Outdoor Technical vs Facilitation Skills – How to be an outdoor instructor?

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“How to be an outdoor instructor?” a common question crept up. “Should I work on my outdoor technical skills or learn about facilitation?”

I’ve been asked this type of question often, especially when I run programmes where there are many new instructors. I smiled and will always get reminded of my own journey.

So how to be an outdoor instructor?

Well, first thing first, regardless if you are a more technical or softskill-type of instructor, you will definitely need both sets of skills. You CANNOT run away from it.

BUT … even before you think of which one to go for, my greatest advice is … TRY OUT BEING A CAMP TRAINER first.

WHY? The outdoor industry is one that has a high turnover rate and one of the greatest reason is that many trainers only realised soon that it is not their cup of tea. They do love the outdoors … ┬ábut the job itself, taking care of participants, managing risks while balancing their learning journey … the demands are really quite high.

(Since it is so difficult to train and retain an instructor, a lot of local companies’ programme are really matrixed. Trainers don’t need to be technically sound, just be there to spark participants’ enthusiasm through the endless cheers and songs. Can’t blame anyone for the situation)

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So, once you’ve more or less decided that you could last in the industry for some time, I suggest strongly for you to pick up some outdoor technical skills certificate. Easy ones are sport climbing and kayaking. Because without the outdoor technical skills, you are just an instructor … not an outdoor instructor.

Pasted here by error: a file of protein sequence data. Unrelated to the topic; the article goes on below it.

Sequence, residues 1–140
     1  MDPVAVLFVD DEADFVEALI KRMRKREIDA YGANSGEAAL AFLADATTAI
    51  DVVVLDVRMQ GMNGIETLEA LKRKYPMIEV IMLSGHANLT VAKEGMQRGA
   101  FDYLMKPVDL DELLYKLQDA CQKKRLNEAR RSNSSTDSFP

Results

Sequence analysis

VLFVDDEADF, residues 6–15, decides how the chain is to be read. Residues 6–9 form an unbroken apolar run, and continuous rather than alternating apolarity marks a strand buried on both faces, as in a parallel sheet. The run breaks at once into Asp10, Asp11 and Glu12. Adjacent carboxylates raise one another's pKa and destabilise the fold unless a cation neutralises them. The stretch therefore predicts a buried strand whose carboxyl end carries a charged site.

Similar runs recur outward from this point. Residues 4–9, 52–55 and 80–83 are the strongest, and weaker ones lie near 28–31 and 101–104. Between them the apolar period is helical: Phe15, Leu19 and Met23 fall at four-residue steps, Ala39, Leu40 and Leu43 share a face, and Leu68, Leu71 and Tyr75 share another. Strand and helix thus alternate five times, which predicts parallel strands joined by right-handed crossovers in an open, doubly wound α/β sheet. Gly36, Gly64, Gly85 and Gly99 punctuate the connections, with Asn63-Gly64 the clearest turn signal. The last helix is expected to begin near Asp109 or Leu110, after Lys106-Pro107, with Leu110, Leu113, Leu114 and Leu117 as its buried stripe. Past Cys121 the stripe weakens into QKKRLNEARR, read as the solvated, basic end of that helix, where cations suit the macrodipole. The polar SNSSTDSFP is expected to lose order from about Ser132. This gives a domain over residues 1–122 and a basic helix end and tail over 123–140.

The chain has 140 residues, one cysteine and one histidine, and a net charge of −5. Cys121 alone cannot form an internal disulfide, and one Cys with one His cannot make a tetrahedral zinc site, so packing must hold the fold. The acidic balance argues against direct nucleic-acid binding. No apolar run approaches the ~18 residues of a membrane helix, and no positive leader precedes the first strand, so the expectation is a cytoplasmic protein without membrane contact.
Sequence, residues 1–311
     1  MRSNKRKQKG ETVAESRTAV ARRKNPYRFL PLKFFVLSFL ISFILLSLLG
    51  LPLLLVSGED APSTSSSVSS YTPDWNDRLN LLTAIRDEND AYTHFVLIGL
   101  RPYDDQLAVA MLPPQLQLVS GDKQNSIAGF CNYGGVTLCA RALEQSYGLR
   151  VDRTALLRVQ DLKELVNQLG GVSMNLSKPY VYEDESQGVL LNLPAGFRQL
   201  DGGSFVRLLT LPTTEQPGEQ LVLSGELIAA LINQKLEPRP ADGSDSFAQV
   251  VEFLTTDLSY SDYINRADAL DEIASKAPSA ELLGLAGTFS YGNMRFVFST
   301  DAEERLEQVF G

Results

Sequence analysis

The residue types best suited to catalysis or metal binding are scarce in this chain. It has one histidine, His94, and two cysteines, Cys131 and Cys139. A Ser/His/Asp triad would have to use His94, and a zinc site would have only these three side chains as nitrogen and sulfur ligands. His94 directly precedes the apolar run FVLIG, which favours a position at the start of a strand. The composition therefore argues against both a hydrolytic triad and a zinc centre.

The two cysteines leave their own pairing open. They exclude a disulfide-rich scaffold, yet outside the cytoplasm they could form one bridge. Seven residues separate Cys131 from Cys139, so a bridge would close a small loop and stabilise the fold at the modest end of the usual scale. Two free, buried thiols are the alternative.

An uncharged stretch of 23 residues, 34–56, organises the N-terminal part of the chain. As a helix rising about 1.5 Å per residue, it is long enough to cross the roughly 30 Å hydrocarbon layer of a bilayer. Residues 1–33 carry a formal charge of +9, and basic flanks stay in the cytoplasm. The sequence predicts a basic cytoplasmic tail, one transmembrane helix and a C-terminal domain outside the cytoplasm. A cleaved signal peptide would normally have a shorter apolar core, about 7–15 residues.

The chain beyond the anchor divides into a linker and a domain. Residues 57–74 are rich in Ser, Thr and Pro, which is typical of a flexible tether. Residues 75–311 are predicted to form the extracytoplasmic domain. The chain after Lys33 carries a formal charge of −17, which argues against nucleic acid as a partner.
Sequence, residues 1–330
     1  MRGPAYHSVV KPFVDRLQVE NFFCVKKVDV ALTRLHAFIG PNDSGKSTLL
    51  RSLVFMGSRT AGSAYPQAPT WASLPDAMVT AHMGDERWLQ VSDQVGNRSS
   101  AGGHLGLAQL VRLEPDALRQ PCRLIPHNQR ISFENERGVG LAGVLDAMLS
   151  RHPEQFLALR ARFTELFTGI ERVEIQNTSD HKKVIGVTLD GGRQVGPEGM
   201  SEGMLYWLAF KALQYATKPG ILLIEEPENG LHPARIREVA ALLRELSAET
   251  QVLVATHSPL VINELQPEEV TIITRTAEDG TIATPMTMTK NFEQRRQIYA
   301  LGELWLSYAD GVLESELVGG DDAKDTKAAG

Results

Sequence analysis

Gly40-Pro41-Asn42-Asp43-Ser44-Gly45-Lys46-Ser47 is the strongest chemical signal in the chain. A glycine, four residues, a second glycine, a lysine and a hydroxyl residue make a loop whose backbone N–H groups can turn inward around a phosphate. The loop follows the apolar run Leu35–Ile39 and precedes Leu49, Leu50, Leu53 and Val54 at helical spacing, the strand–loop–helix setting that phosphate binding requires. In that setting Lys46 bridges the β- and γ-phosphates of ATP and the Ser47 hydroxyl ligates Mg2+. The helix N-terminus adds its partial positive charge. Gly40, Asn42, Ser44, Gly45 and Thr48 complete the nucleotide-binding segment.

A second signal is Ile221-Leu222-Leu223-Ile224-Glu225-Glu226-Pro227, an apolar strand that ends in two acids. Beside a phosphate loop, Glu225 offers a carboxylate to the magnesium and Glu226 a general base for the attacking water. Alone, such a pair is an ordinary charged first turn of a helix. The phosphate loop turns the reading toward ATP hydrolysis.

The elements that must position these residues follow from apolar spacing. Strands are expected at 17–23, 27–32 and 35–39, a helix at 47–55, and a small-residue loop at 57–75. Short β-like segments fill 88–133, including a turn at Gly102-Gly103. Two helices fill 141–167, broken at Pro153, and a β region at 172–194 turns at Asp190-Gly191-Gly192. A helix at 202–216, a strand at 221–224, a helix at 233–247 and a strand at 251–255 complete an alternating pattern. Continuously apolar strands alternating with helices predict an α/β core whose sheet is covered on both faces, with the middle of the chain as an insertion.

With sound outdoor technical skills, you can better take care of yourself out there and also make appropriate judgements for you participants’ learning and safety.

So, once you have the technical skills, you could then consider upgrading your softskills skills. (haha) To bring justice to this fine scientific art of the trade, a lot of the skills are learnt along the way but there are specific trainings available out there.

(I recently wrote an ebook sharing about how to facilitate an abseil activity – The Art of Not Kicking Your Participant Down the Abseil Rope. Check it out.)

So here you go ..

  1. Try out some camps as a group trainer (wateva it is called)
  2. Pick up some outdoor technical skills
  3. Learn how to facilitate

(If you’d like to build up you climbing and abseiling skills, I’ll be more than happy to coach you. Click here to find out more)

Follow Ahmad Bahktiar:

Outdoor Educator

I'm an outdoor educator and blogger. Outdoors, I teach both technical and experiential courses. Indoors, I blog about the outdoors, environment, health and life! Contact me if you'd like to explore opportunities together, whatever they might be.

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